Beach House Is Back And Better Than I Remembered

A lot of bands ape their influences, and a few even do it successfully. Far more rare are the artists who completely breathe in the essence of what made their heroes tick, exhaling something uniquely infused with the original spirit but unfolding its own logic.

Beach House has been a solid band for years, trading in dusky dreampop that bloomed into technicolor and leaned into the pop side of that sound as the albums went on. Their new album, Depression Cherry, sounds like a confident leap into the rarefied territory of legends like Cocteau Twins and Slowdive.

Interestingly enough, first single Sparks reminds me of My Bloody Valentine in a big way, while the rest of the album is far more interested in playing with the lighter shades of the bands mentioned above. There’s something about the guitar melody cresting with Victoria Legrand’s voice that instantly pulls my thoughts to Loveless. Instead of feeling derivative, it’s a well-earned spiritual nod.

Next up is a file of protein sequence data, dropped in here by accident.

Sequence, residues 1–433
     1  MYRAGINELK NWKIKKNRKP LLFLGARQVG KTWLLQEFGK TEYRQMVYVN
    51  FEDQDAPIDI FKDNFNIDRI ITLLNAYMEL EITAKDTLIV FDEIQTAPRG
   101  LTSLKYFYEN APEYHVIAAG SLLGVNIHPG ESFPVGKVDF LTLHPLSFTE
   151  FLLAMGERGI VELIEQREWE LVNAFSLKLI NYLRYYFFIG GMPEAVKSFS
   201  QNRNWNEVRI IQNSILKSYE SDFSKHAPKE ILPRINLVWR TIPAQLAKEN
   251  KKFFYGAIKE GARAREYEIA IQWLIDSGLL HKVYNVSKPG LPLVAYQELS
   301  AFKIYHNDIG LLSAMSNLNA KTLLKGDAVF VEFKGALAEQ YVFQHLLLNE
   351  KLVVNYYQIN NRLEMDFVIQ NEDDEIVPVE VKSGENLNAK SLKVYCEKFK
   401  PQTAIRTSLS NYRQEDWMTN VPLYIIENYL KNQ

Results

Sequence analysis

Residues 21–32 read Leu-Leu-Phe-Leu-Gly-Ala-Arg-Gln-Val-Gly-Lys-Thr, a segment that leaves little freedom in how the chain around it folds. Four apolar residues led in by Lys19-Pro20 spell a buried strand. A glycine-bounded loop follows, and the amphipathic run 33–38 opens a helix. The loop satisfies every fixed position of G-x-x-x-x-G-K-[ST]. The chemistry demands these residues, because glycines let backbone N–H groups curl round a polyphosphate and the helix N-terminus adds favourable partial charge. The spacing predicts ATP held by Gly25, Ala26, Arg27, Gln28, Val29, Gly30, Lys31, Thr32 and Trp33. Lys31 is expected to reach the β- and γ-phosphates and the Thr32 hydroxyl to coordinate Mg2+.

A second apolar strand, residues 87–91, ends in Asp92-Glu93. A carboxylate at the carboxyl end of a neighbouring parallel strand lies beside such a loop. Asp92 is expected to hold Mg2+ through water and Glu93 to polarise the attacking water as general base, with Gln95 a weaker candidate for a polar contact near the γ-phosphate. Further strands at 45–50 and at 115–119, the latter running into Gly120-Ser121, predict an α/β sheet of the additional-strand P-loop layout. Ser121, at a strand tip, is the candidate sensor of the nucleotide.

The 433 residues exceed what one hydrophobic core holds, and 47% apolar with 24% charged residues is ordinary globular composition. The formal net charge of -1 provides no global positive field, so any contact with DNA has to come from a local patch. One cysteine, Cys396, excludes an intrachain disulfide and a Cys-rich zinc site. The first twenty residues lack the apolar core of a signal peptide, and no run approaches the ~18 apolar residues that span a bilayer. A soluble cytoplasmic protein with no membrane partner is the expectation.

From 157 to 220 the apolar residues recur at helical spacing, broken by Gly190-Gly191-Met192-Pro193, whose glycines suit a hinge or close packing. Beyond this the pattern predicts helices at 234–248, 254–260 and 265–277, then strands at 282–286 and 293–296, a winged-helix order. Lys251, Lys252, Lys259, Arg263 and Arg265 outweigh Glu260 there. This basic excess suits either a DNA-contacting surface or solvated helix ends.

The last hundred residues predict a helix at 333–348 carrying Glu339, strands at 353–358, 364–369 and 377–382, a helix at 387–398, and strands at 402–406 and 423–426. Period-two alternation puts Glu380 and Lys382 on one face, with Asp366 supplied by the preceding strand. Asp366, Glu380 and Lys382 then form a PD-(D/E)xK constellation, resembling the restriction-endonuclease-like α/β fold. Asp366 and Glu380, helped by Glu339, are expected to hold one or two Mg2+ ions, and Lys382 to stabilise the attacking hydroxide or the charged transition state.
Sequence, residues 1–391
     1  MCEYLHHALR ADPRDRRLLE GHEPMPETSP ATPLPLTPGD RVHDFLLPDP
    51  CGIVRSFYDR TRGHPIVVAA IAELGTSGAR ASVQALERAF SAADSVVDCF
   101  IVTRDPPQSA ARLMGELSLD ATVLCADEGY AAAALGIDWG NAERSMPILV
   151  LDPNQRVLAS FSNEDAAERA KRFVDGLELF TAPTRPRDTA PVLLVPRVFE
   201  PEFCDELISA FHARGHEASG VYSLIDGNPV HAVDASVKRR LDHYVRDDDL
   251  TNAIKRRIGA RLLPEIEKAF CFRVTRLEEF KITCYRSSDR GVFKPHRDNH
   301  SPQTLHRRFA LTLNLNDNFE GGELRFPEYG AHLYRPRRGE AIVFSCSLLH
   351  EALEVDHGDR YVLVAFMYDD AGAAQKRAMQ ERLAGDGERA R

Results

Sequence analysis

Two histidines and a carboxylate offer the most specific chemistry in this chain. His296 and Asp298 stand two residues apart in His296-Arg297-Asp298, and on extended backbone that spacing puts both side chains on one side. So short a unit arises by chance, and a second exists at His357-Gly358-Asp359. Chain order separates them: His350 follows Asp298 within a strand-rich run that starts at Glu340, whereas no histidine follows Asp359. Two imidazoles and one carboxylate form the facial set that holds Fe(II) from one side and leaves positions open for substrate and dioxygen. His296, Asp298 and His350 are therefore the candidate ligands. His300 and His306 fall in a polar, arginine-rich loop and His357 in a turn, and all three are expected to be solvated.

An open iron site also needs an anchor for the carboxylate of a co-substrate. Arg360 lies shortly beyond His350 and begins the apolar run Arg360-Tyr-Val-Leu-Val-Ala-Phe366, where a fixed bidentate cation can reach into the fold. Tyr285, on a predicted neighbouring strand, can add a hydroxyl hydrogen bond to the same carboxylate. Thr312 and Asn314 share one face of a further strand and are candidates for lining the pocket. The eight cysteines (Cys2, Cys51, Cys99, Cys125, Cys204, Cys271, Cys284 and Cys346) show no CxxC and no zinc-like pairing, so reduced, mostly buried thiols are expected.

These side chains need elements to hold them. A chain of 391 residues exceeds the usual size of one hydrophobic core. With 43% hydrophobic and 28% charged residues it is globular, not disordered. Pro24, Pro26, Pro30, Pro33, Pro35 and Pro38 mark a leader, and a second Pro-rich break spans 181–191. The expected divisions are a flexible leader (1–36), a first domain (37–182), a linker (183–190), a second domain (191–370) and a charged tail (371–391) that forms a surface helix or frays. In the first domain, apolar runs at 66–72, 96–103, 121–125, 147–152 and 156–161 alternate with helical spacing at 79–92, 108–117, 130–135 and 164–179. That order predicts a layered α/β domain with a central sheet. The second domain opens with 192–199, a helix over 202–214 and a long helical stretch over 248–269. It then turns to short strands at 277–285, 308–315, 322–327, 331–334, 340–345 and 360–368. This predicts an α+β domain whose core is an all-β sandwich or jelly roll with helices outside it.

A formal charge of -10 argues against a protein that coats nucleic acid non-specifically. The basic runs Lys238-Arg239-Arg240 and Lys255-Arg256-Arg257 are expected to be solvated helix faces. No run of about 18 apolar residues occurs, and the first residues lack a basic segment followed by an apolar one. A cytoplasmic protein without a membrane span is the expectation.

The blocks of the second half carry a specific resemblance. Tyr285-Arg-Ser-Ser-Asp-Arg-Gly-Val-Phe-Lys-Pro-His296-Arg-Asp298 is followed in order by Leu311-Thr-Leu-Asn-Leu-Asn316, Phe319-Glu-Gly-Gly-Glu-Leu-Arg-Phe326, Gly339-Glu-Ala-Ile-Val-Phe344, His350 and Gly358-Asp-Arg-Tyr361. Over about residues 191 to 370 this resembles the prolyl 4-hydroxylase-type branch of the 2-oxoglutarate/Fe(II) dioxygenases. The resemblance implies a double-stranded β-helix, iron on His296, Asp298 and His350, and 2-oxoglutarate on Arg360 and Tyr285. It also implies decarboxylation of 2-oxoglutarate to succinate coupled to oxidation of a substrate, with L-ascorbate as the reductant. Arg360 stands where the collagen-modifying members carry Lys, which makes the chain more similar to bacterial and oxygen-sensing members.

In all seriousness, I haven’t enjoyed Beach House this much since first discovering the band in 2008. The first song kicks off bursting with renewed energy, much like Cocteau Twins’ very own Cherry Coloured Funk on their 1990 masterpiece Heaven Or Las Vegas.

I’m also picking up more of a spooky romanticism, nodding to the kind of dystopian 1950’s American Dream vibe that permeates the music of Twin Peaks. Final song Days of Candy, in particular, could have come from the show’s very own Julee Cruise herself. I’m pleasantly reminded of Laura Palmer’s theme itself, Mysteries of Love.

I’ve only listened to this album two times but I was so bursting with enthusiasm I had to write about it immediately. I get beyond excited when an artist finds a novel shade of shoegaze or unearths a new facet of dreampop. These sounds form part of the core of my musical identity; if jazz is the brains, shoegaze and dreampop are the heart. No other genre brings a blush to my face in this way. Suffice it to say that I’m shocked at how well this new Beach House album hits a preternatural sweet spot.

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If you’re interested in hearing it right now, you can preorder the album and get access to the whole thing streaming until its release next week. I couldn’t resist; they’ve got a Loser edition clear vinyl on offer!

Stay tuned, because as soon as it’s available, I will be posting my favorite tune on the album: Space Song. I can only say that it’s not only a worthy follow up to Devotion‘s peak Astronaut, it’s a close cousin to the most swoon-worthy songs of Spiritualized.